April 16, 2014
nicksantoroism:

This is a picture of my future self after iv lost some of my hair and gained some weight around the age of 55. The slight bags under the eyes are from the short sightedness caused from typing extensively during the creation of my series of novels titled “figments of Barnaby flatt.” Which is a semi-autobiographical story about a man who sails the seven seas.

nicksantoroism:

This is a picture of my future self after iv lost some of my hair and gained some weight around the age of 55. The slight bags under the eyes are from the short sightedness caused from typing extensively during the creation of my series of novels titled “figments of Barnaby flatt.” Which is a semi-autobiographical story about a man who sails the seven seas.

nostomaniac:

THE DREAM

wigmanwigman:

Manuel Alvarez Bravo, Margarita Bonampak, 1949

wigmanwigman:

Manuel Alvarez Bravo, Margarita Bonampak, 1949

lauramcphee:

Studien - Der Mensch [Hands of a Tenor], 1928 (August Sander)

lauramcphee:

Studien - Der Mensch [Hands of a Tenor], 1928 (August Sander)

(Source: tate.org.uk)

"Depression is humiliating. It turns intelligent, ambitious, kind people into zombies who can’t accomplish a simple task. It affects the ability to think clearly, to feel anything, to ascribe value to your surroundings, your lifelong passions, your relative good fortune. It scoops out your normal healthy ability to cope with bad days and bad news, and replaces it with an unrecognizable sludge that finds no pleasure, no delight, no point in anything outside of bed. You alienate your friends because you can’t comport yourself socially, you risk your job because you can’t concentrate, you live in moderate squalor because you have no energy to stand up, let alone take out the garbage. You become pathetic and you know it; you have no capacity to stop the downward plunge. You have no perspective, no emotional reserves, no faith that it will get better. So you feel guilty and ashamed of your inability to deal with life like a regular human, which exacerbates the depression and the isolation.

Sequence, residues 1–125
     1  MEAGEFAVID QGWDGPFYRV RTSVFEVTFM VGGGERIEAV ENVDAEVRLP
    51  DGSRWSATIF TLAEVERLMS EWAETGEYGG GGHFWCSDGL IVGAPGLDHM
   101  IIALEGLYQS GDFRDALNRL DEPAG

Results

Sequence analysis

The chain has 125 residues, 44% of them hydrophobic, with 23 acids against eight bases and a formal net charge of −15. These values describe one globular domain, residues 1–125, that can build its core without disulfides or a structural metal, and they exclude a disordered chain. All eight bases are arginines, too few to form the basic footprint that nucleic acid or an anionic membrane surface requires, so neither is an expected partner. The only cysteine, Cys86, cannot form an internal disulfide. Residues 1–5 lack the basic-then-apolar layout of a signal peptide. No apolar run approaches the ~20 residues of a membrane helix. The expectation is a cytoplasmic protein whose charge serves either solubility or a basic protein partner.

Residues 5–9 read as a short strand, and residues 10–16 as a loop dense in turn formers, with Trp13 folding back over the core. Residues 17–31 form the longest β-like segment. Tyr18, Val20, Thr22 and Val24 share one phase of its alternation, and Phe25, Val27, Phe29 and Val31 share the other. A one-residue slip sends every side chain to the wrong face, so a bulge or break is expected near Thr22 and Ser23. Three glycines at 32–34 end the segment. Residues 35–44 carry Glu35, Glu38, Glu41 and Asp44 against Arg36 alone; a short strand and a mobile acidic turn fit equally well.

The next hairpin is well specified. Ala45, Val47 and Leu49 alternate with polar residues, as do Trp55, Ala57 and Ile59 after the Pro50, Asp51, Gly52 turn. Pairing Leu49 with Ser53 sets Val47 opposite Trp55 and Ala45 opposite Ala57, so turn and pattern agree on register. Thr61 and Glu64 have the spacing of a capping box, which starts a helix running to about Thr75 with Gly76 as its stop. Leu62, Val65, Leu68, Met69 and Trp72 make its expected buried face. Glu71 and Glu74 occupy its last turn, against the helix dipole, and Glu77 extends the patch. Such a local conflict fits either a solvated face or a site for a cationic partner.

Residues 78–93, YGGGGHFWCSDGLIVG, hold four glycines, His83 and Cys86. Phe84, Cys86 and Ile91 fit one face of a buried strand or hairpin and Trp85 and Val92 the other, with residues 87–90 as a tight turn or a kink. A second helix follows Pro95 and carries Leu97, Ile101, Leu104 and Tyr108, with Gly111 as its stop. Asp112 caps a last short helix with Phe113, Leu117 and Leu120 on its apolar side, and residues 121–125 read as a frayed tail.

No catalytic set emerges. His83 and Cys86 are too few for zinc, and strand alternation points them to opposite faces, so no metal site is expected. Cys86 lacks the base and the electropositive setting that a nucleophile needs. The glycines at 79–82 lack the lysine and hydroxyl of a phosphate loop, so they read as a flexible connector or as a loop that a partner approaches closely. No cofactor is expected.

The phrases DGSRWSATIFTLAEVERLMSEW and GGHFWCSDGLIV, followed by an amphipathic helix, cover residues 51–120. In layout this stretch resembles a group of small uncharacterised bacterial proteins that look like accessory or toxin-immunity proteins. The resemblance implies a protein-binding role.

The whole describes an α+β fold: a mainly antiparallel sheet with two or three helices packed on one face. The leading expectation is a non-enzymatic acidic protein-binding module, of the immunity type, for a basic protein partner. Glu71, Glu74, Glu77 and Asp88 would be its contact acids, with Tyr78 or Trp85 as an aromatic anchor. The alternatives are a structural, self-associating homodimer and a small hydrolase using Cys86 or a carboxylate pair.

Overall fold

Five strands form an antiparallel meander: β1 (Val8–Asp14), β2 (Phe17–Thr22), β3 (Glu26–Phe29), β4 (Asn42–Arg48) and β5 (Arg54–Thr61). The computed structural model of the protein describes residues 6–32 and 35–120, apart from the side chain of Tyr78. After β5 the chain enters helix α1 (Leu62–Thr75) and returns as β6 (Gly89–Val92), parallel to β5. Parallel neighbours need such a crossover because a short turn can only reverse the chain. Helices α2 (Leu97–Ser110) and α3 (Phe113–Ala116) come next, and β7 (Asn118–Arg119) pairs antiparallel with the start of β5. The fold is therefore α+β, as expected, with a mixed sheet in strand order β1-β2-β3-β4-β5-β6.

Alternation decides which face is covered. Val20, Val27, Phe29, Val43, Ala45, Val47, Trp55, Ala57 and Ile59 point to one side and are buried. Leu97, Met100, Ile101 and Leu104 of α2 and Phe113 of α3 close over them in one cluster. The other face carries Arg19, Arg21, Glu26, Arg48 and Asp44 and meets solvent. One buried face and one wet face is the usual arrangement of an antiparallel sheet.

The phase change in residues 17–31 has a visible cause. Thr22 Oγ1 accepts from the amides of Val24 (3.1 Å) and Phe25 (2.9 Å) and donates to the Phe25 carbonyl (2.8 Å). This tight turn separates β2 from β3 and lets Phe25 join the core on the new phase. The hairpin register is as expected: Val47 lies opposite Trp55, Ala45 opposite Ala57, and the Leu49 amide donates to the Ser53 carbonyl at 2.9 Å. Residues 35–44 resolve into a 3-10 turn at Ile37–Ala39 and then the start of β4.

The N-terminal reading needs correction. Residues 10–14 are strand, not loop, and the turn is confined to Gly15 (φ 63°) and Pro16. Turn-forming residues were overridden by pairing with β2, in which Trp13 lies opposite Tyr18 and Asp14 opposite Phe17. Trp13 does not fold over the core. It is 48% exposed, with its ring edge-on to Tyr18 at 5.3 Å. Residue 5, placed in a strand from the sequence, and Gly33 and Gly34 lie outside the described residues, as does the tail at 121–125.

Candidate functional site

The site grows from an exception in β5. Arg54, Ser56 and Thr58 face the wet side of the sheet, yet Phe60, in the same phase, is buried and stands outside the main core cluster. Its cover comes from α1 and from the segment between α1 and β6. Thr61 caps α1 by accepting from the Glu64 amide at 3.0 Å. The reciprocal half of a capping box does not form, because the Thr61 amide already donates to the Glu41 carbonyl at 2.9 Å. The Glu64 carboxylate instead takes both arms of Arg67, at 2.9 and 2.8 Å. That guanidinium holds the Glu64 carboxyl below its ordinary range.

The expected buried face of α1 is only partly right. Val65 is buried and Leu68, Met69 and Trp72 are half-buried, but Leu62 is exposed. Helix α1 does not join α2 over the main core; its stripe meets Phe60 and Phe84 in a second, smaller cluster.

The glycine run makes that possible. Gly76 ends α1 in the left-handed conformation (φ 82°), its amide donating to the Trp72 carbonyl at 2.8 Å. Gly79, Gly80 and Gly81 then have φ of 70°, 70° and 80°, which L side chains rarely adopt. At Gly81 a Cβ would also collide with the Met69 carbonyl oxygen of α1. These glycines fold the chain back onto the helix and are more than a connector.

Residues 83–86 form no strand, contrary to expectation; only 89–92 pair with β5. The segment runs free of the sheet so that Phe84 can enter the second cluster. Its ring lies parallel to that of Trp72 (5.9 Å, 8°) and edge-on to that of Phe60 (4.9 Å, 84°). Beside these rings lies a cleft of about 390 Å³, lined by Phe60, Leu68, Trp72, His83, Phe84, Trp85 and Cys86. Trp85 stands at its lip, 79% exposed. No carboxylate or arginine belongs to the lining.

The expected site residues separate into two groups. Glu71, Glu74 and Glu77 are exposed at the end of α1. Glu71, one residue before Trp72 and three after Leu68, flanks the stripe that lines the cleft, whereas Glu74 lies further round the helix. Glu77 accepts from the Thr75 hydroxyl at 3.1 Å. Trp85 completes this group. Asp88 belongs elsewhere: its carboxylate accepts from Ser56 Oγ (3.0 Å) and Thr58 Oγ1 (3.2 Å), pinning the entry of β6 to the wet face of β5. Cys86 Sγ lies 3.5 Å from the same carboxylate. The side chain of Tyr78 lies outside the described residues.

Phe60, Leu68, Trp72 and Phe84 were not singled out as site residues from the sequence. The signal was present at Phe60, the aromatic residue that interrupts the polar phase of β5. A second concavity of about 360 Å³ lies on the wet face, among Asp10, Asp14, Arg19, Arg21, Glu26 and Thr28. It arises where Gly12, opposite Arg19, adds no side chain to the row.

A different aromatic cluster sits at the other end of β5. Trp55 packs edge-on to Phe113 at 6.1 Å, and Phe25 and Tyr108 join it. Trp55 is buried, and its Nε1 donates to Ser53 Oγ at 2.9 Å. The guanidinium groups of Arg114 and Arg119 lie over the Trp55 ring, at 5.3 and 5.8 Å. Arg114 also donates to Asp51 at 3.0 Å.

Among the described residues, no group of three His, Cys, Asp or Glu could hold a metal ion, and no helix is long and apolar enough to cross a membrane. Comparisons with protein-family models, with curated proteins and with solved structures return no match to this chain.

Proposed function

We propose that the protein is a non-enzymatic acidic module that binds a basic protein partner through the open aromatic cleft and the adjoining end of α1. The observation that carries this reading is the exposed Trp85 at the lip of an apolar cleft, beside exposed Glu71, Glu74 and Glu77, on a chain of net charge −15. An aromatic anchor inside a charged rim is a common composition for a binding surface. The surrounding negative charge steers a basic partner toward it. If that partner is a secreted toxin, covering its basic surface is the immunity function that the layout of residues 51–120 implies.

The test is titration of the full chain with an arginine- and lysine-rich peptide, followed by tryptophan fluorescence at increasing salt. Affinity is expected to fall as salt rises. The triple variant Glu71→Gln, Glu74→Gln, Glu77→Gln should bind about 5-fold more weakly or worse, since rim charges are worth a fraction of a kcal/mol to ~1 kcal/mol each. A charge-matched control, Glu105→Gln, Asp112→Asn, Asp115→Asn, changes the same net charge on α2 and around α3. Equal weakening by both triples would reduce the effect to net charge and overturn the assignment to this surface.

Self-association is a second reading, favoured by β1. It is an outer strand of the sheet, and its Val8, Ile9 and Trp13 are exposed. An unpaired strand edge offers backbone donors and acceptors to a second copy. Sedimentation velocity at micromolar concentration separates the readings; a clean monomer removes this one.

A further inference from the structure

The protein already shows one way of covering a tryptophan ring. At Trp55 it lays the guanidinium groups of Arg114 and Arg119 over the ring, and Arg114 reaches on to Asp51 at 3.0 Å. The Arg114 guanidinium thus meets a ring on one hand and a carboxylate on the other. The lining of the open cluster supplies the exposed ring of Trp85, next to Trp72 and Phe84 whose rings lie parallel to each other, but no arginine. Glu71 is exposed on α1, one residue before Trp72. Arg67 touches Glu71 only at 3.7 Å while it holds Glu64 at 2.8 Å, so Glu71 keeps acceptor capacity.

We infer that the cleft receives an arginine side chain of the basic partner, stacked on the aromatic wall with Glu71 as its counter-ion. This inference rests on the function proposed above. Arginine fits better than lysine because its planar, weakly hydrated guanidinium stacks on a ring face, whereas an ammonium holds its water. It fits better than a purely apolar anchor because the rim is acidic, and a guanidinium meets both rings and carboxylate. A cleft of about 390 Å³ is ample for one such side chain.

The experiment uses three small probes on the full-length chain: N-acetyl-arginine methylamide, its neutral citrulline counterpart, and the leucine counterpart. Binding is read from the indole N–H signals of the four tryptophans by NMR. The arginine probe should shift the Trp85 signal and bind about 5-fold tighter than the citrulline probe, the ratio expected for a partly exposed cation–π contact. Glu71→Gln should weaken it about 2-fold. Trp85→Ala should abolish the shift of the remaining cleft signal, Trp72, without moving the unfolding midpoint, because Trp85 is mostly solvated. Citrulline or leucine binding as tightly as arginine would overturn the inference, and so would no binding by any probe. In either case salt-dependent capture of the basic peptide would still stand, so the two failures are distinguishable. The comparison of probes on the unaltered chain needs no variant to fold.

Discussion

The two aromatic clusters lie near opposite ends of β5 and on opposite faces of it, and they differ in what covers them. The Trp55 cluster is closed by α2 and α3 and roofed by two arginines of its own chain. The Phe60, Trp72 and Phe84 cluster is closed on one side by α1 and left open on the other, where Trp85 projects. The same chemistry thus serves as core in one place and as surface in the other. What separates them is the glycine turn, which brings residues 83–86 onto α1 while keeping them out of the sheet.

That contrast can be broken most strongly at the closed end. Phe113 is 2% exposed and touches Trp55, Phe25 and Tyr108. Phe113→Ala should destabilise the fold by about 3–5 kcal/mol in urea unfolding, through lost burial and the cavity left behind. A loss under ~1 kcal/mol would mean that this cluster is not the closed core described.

Depression is humiliating.
If you’ve never been depressed, thank your lucky stars and back off those who need to take a pill just so they can make eye contact with the grocery store cashier. No one on earth would choose the nightmare of depression over an averagely turbulent normal life. It’s not an incapacity to cope with day to day living in the modern world. It’s an incapacity to function. If you and your loved ones have been spared, every blessing to you. If depression has taken root in you or your loved ones, every blessing to you, too.

Depression is humiliating.
No one chooses it. No one deserves it. It runs in families — it ruins families. You cannot fathom what it takes to feign normalcy, to get up every morning, to go on about your day, run simple tasks, or even do small talk; when you are exerting most of your capacity on trying not to kill yourself. Depression is real. Just because you’ve never experienced it does not make it nonexistent or irrelevant. Compassion is also real. And a depressed person may cling desperately to it until they are out of the woods and they may remember your compassion for the rest of their lives as a force greater than their depression."
i have never read something so perfect (via rati0nalizing)

(Source: psych-facts, via insufficientmind)

varietas:

August Sander: Field with marguerites, 1930s

varietas:

August Sander: Field with marguerites, 1930s

T h e  G r a n d   B u d a p e s t   H o t e l (dir. by Wes Anderson, 2014)

"You see, there are still faint glimmers of civilization left in this barbaric slaughterhouse that was once known as humanity. Indeed that’s what we provide in our own modest, humble, insignificant… oh, fuck it."

(Source: lastisle, via dontwinfriendswithsalad)


Spirited Away (2001)

Spirited Away (2001)

(Source: ghibli-forever, via posh-lost)

hoodoothatvoodoo:

Florette 1944
By Jacques Henri Lartigue

hoodoothatvoodoo:

Florette 1944

By Jacques Henri Lartigue

sam-i-jam:

Wes found inspiration for the goggle-wearing Max Fischer from this image taken by French photographer Jacques Henri Lartigue in 1909.

Bonus: The people go-carting in the background of that scene include Wes Anderson and Owen Wilson

secretcinema1:

Chicago, 1960, Harry Callahan

secretcinema1:

Chicago, 1960, Harry Callahan

holdthisphoto:

1959
by Seydou Keïta

holdthisphoto:

1959

  • by Seydou Keïta